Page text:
University of Florida researchers have identified a subtype of a specific receptor in the brain that is critical for “working memory,” or the ability to hold information in mind for a short time — an ability that often diminishes with normal aging. In a new study published this week in The Journal of Neuroscience, the UF team details how the loss of that specific receptor predicts the severity of working-memory impairment due to aging. The researchers further found they could use a drug to positively affect those receptors to enhance working memory in aged rats with cognitive decline. The findings suggest a potential future pathway for drug treatment to target those receptors and improve working memory in humans.
“Working memory is the ability to hold information in mind for a
relatively short duration, for example, the ability to look up a phone
number and remember it until you get to the phone,” said principal
investigator Jennifer L. Bizon, Ph.D., a professor of neuroscience and
psychiatry in the Evelyn F. and William L. McKnight Brain Institute of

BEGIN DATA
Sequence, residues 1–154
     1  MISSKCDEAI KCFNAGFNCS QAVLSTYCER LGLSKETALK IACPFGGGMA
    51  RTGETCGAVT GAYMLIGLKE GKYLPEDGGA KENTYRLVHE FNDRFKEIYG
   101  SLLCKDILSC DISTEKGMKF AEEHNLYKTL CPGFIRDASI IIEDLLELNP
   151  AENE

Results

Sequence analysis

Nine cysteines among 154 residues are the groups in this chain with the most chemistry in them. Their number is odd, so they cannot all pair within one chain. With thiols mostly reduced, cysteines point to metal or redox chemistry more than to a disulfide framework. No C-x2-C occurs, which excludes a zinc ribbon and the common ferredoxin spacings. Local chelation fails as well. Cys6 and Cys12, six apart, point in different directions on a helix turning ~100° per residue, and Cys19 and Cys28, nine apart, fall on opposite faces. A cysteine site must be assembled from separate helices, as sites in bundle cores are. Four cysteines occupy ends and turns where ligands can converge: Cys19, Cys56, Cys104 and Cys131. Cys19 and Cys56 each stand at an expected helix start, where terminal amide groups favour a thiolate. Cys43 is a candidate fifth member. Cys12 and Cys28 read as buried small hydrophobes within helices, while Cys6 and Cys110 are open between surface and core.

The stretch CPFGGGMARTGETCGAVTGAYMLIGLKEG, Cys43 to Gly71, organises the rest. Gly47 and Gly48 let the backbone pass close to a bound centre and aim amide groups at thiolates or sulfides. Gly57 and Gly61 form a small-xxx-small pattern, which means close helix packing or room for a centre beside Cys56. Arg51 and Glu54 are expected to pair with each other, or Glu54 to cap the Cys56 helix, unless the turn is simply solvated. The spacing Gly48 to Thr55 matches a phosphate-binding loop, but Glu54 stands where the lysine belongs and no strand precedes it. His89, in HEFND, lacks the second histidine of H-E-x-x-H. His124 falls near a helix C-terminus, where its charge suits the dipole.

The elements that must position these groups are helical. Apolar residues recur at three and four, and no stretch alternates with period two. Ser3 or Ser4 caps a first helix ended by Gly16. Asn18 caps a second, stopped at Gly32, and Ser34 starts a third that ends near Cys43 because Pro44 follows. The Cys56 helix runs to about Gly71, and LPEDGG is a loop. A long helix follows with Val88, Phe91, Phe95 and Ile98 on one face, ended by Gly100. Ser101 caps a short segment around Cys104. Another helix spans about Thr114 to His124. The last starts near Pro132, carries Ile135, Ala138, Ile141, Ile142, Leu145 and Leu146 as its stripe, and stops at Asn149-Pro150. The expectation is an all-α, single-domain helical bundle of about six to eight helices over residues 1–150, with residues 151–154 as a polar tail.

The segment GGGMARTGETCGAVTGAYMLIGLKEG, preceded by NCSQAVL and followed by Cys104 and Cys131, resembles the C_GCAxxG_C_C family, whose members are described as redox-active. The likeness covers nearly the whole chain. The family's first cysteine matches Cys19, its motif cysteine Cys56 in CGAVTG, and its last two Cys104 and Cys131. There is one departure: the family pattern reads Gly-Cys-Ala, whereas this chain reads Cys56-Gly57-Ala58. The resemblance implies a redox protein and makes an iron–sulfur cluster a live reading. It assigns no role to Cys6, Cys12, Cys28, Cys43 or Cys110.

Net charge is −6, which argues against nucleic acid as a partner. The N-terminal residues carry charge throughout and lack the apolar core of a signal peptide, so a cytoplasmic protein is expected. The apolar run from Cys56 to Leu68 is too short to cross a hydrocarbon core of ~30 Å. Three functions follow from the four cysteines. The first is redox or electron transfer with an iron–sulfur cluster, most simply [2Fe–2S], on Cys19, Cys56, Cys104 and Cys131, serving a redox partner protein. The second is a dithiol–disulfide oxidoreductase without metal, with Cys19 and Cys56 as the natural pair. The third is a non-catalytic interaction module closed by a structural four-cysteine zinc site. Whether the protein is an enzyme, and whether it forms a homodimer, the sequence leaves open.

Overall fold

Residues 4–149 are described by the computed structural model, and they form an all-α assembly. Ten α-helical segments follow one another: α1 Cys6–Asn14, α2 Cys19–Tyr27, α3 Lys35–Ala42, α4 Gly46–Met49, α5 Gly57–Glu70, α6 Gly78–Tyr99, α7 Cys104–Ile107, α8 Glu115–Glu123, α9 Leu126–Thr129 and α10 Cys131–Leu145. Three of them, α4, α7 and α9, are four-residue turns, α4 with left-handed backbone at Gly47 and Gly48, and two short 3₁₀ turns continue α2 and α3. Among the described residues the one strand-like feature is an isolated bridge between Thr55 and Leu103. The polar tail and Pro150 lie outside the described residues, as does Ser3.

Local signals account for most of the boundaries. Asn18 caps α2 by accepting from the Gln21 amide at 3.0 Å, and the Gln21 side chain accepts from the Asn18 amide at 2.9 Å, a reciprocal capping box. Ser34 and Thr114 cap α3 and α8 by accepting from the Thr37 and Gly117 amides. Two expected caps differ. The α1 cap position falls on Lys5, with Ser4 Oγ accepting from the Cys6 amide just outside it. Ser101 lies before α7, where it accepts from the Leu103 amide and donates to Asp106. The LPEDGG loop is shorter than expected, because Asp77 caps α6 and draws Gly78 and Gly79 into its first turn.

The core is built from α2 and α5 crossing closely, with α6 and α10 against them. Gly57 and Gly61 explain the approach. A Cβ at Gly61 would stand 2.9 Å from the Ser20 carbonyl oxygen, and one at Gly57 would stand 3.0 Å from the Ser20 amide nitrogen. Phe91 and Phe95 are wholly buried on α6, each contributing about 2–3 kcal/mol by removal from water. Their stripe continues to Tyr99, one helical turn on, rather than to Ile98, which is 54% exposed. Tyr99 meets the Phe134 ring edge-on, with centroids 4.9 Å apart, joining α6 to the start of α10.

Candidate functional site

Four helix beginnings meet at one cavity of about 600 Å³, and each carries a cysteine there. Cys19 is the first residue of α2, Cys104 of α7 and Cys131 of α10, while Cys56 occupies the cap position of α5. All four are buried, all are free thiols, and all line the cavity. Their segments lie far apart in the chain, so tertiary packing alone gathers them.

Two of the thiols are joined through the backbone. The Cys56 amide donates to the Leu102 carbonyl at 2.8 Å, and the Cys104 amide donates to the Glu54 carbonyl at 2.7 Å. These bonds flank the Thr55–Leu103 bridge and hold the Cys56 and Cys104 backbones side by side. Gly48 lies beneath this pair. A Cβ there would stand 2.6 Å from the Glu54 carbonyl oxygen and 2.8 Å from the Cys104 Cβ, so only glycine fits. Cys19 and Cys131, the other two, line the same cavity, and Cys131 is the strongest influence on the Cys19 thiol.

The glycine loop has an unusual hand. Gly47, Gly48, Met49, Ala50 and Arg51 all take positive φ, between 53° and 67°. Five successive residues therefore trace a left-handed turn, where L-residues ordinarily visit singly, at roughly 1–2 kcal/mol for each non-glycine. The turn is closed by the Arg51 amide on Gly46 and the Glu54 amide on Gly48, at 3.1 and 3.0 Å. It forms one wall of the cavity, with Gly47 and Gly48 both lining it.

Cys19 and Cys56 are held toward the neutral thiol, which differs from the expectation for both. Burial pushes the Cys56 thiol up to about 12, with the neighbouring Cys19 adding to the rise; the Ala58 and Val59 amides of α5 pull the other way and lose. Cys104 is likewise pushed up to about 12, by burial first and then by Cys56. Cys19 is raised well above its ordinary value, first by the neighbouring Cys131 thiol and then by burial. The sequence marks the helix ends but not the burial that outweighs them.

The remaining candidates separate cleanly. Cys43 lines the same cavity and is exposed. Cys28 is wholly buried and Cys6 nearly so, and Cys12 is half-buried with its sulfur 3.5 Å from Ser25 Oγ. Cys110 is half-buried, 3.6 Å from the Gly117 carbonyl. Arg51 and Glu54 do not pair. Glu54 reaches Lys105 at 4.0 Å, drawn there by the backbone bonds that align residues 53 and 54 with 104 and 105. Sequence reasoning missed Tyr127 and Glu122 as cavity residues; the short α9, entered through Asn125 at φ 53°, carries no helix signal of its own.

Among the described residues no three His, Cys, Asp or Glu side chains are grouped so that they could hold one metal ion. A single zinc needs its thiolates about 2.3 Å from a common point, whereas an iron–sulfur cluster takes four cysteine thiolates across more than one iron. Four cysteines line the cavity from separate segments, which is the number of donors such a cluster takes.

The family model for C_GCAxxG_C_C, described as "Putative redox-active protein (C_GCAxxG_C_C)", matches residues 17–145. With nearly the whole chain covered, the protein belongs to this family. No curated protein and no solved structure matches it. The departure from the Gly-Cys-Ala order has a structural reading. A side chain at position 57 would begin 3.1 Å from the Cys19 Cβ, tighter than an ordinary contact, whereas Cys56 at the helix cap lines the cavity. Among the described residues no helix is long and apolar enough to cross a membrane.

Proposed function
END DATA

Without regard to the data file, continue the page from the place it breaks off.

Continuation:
the University of Florida. “The ability to do that simple process of
holding information over a period of about 30 seconds is critical for
planning and carrying out daily activities and is the foundation for
more complex cognitive operations such as decision-making.
“We know across species — rats, non-human primates and people — that
working memory declines over the course of the lifespan,” Bizon said.
“It’s also very vulnerable in a number of neuropsychiatric diseases,
such as schizophrenia.”
Previous studies have pointed to receptors for the neurotransmitter
glutamate in working memory function. The new UF study, led by
postdoctoral fellow Joseph A. McQuail, is significant because it
identifies glutamate receptors containing a specific protein subunit as
critical for working memory and its decline across the lifespan.
“Many treatments have sought to broadly modulate these receptors to
improve working memory in schizophrenia and other neuropsychiatric
diseases and have not been successful,” Bizon said.
The new findings “give us a more selective target for treating working memory deficits,” she said.
The UF research was funded by the National Institutes of Health, the
National Science Foundation and the McKnight Brain Research Foundation.